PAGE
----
Glassholes banned from SF bars

No glassholes

Stuart Schuffman spotted said sign.

Two hopping night-spots in San Francisco are the latest to ban Google Glass. SoMa's The Willows and the Mission's Sycamore are promoting patron privacy in their establishments.

But is this less about privacy and more about the growing anti-tech sentiment in the city?

In IT Blogwatch, bloggers are relieved that they don't have to look at a naked Scoble this time. Not to mention: Abby Martin and Abby Martin: Separated at birth?

Your humble blogwatcher curated these bloggy bits for your entertainment.


Breaking the story, Brock Keeling badgers the bar: [You're fired -Ed.]

Who are these people who don't enjoyed being filmed? ... Well, the Willows has you covered. [The] bar in SoMa, which has seen a sharp increase with the maker sect...has officially banned the use of Google Glass.


[Stuart Schuffman] came across this signage the other night. If you plan on sporting your Glass at the Willows, don't. ... Eventually, like the widespread cellphone the late '90s/early '00s...Glass shunning will fade away.  MORE


Carlos E. Castañeda, from the local CBS affiliate, jumps on the scene: [What, no "chestnut" pun? -Ed.]

Willows co-owner Trista Bernasconi said they are being proactive...“For the privacy of our patrons, we ask you to please remove your Google Glass before entering.”


Many at The Willows are applauding the move by the owners. “I think it’s a great idea. People want to feel comfortable when they go out and drink,” [said] one bar patron. ... The ban has been extended to The Willows sister establishment, Sycamore in the Mission.  MORE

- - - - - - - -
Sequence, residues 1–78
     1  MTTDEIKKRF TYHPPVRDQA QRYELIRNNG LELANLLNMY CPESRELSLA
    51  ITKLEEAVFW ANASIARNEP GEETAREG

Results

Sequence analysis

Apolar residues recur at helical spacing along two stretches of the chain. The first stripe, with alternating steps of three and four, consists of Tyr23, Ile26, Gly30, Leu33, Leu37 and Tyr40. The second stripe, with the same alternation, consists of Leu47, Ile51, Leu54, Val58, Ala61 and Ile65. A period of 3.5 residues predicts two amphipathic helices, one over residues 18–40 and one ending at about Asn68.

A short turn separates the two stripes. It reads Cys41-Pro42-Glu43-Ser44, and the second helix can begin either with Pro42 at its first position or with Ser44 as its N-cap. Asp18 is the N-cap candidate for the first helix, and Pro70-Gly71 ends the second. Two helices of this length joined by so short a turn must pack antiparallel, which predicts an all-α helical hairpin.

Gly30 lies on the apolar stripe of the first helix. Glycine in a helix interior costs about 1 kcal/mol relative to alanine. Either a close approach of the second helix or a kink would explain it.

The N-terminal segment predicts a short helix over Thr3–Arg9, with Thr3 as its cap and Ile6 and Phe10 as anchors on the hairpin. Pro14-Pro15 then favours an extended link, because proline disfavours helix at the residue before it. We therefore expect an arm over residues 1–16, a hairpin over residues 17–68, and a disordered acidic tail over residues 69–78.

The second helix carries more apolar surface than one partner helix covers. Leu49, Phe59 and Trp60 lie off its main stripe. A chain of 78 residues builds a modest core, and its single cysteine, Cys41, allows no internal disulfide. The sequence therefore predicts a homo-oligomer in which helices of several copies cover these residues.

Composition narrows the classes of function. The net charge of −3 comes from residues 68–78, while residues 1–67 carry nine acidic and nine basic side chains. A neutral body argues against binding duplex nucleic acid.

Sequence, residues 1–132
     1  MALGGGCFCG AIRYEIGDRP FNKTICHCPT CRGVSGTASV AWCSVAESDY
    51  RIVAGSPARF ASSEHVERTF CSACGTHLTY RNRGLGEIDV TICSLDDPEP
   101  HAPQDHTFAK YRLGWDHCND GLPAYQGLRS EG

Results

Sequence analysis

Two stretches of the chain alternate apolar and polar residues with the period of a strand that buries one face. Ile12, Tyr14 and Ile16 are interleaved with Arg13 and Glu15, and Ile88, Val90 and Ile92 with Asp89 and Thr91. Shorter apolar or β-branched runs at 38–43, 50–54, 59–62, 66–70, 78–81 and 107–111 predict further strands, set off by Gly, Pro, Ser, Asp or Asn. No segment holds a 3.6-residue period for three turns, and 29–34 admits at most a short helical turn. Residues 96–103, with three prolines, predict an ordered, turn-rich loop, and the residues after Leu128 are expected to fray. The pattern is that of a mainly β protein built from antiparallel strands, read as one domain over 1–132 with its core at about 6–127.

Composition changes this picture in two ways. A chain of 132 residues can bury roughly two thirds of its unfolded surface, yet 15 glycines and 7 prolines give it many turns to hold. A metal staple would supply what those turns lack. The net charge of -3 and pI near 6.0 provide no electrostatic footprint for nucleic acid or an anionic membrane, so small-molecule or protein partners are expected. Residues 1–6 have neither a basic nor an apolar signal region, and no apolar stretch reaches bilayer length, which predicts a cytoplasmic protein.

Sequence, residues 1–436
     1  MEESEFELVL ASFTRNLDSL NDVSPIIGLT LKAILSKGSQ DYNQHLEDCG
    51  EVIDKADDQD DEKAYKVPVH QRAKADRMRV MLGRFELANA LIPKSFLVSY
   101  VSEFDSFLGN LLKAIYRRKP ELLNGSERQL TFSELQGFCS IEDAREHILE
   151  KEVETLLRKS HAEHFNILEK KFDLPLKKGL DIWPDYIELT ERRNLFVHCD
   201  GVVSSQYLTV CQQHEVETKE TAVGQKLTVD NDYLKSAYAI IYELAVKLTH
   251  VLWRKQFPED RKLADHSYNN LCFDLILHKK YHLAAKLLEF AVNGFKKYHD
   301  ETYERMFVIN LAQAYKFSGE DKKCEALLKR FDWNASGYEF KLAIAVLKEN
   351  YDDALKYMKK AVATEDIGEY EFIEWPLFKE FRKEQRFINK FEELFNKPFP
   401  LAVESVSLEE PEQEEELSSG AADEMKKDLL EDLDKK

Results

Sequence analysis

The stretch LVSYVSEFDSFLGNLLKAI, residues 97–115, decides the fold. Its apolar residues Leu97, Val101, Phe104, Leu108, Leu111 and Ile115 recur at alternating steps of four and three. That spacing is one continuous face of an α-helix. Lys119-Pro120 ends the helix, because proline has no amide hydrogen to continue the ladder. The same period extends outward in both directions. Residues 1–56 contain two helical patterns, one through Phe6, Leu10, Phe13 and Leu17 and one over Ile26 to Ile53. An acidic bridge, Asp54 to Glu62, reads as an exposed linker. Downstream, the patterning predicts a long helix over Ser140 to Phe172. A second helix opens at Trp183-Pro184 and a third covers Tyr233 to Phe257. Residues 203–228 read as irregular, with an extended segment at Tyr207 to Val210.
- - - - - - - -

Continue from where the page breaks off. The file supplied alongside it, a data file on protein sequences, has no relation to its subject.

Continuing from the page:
But Ashlee Kieler poo-poos the plan:

But is a ban of the smart glasses really necessary? ... Most consumers have smartphones with decent video cameras, and buying a pair of authentic, unrecognizable spy-type glasses is just a quick click of the mouse away. ... Will a ban really make a difference?


Staring at a fellow bar patron while sporting an expensive, distinct piece of headgear isn’t exactly under-the-radar. ... It is just as easy to make a recording on [a] smartphone.  MORE


And Edwin Kee looks further afield for context:

It seems that not all places welcome the presence of Google Glass, such as Caesar’s Palace in Las Vegas, Nevada, as well as a dive bar in Seattle. In fact, the UK government also mulled over the possibility of introducing a blanket ban for Google Glass for drivers, while seven states in the U.S. also intend to do the same.  MORE


Meanwhile, Daniel O'Brien implies that this is just another example of San Francisco's quasi-luddite, bus-blocking, gentrification-hating, anti-tech backlash: [You're hired -Ed.]

[The] bar is located in a neighbourhood...experiencing an influx of technology related workers, often with large pay checks, which is causing fear that soon those not earning big tech bucks may be edged out.


Although everyone has the right to privacy, [this] has less to do with the device itself and more to do with the way San Francisco neighbourhoods are changing. ... Many are worried that as well-paid technology sector workers move into an area, prices...will skyrocket until those earning a lower wage will be forced to move elsewhere.  MORE

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